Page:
Adventures with 1… e5 (7)

Last season I played six games with Black starting 1. e4 e5. They all continued 2. Nf3 Nc6, whereupon I encountered 3. Bb5 and 3. Bc4 twice each, and 3. d4 and 3. c3 once each.

I chose unusual ways to meet the Spanish: 3… g6 in one game and 3… Nge7 in the other. After the latter game my opponent told me he’d have played the Exchange Variation if I’d played 3… a6. I’d been wondering whether, considering that I only play 15-20 games a year and am coming to the end of my chess career, it was worth learning a main line defence such as the Marshall. How often would I get the chance to play it?

In the spirit of enquiry, I decided to find out whether my first Spanish opponent last season would have followed the main lines, so, when I found myself once again with the Black pieces against Paul Shepherd (congratulations to Paul for having become Surrey champion since we last met) I decided to ask him by playing 3… a6.

I hadn’t quite decided what to play against 4. Ba4 but as it turned out I wasn’t going to have to make that decision. Yes, he decided to trade on c6.

1. e4 e5
2. Nf3 Nc6
3. Bb5 a6
4. Bxc6 dxc6
5. O-O Bg4

This is what I teach my pupils so I decided to play it myself.

6. h3 h5

A considerable improvement on the similarly motivated Fishing Pole Trap. Of course it’s not a good idea for White to take the bishop.

7. d3 Qf6
8. Be3

The more complicated alternative is 8. Nbd2 which my opponent rejected because he didn’t know the theory, unaware that I didn’t know it either.

8… Bxf3
9. Qxf3 Qxf3
10. gxf3 Bd6
11. Nd2 Ne7
12. Rfd1

The usual choices here are Rfb1 (which looks rather strange to me) and Nc4.

12… O-O-O

Ng6, c5 and f6 have all been played here, but the engines seem happy enough with my choice. A not terribly interesting GM example: 12… c5 13. Nc4 Nc6 14. c3 Ke7 15. Kf1 f6 16. a3 a5 17. a4 g6 18. Ke2 Ke6 19. Rg1 Rhg8 20. Rg2 Rad8 21. Rag1 Kf7 1/2-1/2 A Volokitin (2600) – V Akopian (2689) Sochi 2004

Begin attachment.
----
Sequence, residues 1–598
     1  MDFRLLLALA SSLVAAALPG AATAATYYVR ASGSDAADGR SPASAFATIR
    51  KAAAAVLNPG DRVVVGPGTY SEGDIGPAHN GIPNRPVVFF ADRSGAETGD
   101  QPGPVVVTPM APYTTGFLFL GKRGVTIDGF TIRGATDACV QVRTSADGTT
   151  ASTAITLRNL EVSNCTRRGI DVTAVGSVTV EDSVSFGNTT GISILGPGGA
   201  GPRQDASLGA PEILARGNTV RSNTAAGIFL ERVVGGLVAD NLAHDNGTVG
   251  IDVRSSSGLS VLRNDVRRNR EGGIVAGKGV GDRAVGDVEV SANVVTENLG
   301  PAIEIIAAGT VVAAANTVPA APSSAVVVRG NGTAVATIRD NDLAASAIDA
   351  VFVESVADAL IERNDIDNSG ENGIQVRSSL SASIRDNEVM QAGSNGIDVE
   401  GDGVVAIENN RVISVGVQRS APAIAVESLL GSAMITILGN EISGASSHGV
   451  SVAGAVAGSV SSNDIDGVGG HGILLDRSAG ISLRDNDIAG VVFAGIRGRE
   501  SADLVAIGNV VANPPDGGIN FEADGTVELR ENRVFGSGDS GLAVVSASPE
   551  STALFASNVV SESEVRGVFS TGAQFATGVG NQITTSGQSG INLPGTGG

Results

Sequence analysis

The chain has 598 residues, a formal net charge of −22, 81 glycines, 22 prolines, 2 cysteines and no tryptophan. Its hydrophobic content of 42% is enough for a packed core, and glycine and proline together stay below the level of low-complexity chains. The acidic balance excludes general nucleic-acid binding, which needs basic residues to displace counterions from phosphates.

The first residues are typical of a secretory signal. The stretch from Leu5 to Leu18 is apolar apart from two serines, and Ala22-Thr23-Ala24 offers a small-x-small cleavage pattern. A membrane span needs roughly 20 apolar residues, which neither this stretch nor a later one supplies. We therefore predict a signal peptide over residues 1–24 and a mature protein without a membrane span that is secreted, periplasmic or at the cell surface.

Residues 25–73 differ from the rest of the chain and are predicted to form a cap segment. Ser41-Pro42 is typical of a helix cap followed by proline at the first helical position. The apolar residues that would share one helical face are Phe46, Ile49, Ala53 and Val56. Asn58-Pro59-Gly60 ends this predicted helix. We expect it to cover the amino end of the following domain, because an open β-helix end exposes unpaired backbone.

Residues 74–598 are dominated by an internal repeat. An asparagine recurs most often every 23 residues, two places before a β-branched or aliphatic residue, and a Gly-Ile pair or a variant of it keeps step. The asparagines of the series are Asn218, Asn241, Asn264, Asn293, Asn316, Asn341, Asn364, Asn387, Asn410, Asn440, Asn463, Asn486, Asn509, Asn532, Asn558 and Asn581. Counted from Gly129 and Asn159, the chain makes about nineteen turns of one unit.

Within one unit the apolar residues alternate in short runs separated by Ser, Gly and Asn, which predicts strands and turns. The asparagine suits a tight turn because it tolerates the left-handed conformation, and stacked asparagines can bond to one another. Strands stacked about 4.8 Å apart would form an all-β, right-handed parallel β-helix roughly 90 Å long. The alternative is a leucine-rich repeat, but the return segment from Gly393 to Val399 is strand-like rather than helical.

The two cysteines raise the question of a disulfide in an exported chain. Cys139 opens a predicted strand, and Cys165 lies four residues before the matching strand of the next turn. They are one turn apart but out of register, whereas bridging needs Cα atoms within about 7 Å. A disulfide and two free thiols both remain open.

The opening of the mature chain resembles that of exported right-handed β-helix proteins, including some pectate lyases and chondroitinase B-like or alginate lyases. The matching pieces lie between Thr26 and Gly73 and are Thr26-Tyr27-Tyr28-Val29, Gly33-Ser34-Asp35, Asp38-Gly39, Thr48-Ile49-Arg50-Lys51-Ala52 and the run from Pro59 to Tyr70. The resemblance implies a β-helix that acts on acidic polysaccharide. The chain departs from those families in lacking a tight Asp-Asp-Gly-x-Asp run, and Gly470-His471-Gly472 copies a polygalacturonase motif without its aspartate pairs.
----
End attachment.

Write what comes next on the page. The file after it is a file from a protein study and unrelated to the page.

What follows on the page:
13. Kf1 Ng6

Or 13… f6 14. Ke2 g5 15. Rg1 Ng6 16. c3 Rd7 17. Nc4 Be7 18. Rad1 c5 19. a3
Rhd8 20. Rd2 h4 21. Rb1 Nf8 22. b4 cxb4 23. axb4 b6 24. d4 exd4 25. cxd4 Ne6
26. d5 Ng7 27. Na3 Bd6 28. Nc4 and a draw in 65 moves in A Ruszin (2125) – H Asabri (2228) Budapest 2007

14. Ke2 Nf4+
15. Bxf4 exf4
16. Rg1 Rhg8
17. Nc4 g5
18. Rg2 f6
19. Rag1 Be7
20. Rh1

White might have played h4 at any time over the last few moves. Now I decide to put a stop to that idea, after which there shouldn’t be too much happening.

20… h4
21. Ra1 Rge8
22. Kd2

But this is very careless, allowing a potential fork should the white knight move to a5. I managed to spot this and played…

22… b5
23. Na3 Bxa3
24. bxa3 Re6
25. Rb1 c5
26. Rgg1 c4
27. Rgd1 Red6
28. Ke2 cxd3+
29. cxd3 Rd4
30. Rb4 Kb7

It’s not looking too for for White in this rook ending, but he could try to hold on with Rb3 or Rxd4 rather than giving up a pawn with…

31. Rdb1 Rxd3
32. a4 Rd2+
33. Ke1 Rxa2
34. axb5 axb5

A very poor decision, played without any thought at all. Instead, simply 34… a5 when White has no counterplay and Black has an easy victory in prospect.

35. Rxb5+ Kc6
36. Rf5 Rdd2
37. Rxf6+ Kd7
38. Rf7+ Ke6

Natural, I suppose, but another poor decision. 38… Kd6 39. Rf6+ Ke7 was the way to go, again with a simple win.

39. Rxc7 Re2+
40. Kd1 Red2+

Offering a draw, which was accepted. After 41. Ke1 I have nothing better than repetition.


Not a good game. My opponent made a careless mistake on move 22 and took a risk which left him with a lost position on move 31. I then threw away easy wins on moves 34 and 38. The same thing happened, you will recall, in the game I demonstrated last week. The better my position the more nervous I become and the worse I play. It’s always been what’s going on in my head more than anything else which prevented me becoming a better player. Would I ever win another game against a highly rated opponent?

There was no reason to complain about my position from the opening, though. 1… e5 still seems to be working well: perhaps I should have played it all my life.

Richard James

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About Richard James

Richard James is a professional chess teacher and writer living in Twickenham, and working mostly with younger children and beginners. He was the co-founder of Richmond Junior Chess Club in 1975 and its director until 2005. He is the webmaster of chessKIDS academy ( or and, most recently, the author of Chess for Kids and The Right Way to Teach Chess to Kids, both published by Right Way Books. Richard is currently the Curriculum Consultant for Chess in Schools and Communities ( as well as teaching chess in local schools and doing private tuition. He has been a member of Richmond & Twickenham Chess Club since 1966 and currently has an ECF grade of 177.